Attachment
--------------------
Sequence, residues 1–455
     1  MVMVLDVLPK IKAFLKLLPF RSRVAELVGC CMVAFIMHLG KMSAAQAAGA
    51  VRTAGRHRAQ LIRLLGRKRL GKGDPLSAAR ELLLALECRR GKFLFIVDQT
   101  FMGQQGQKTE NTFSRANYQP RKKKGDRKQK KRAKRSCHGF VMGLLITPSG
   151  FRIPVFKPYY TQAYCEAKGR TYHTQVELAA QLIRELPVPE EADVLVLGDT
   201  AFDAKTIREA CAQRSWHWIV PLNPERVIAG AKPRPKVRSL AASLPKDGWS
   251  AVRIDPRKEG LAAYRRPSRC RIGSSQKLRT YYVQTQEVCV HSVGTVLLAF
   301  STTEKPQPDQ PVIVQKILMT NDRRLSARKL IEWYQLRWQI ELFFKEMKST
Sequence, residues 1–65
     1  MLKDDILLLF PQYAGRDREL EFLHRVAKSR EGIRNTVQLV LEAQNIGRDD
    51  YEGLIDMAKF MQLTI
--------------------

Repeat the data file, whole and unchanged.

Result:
Sequence, residues 1–455
     1  MVMVLDVLPK IKAFLKLLPF RSRVAELVGC CMVAFIMHLG KMSAAQAAGA
    51  VRTAGRHRAQ LIRLLGRKRL GKGDPLSAAR ELLLALECRR GKFLFIVDQT
   101  FMGQQGQKTE NTFSRANYQP RKKKGDRKQK KRAKRSCHGF VMGLLITPSG
   151  FRIPVFKPYY TQAYCEAKGR TYHTQVELAA QLIRELPVPE EADVLVLGDT
   201  AFDAKTIREA CAQRSWHWIV PLNPERVIAG AKPRPKVRSL AASLPKDGWS
   251  AVRIDPRKEG LAAYRRPSRC RIGSSQKLRT YYVQTQEVCV HSVGTVLLAF
   301  STTEKPQPDQ PVIVQKILMT NDRRLSARKL IEWYQLRWQI ELFFKEMKST
Sequence, residues 1–65
     1  MLKDDILLLF PQYAGRDREL EFLHRVAKSR EGIRNTVQLV LEAQNIGRDD
    51  YEGLIDMAKF MQLTI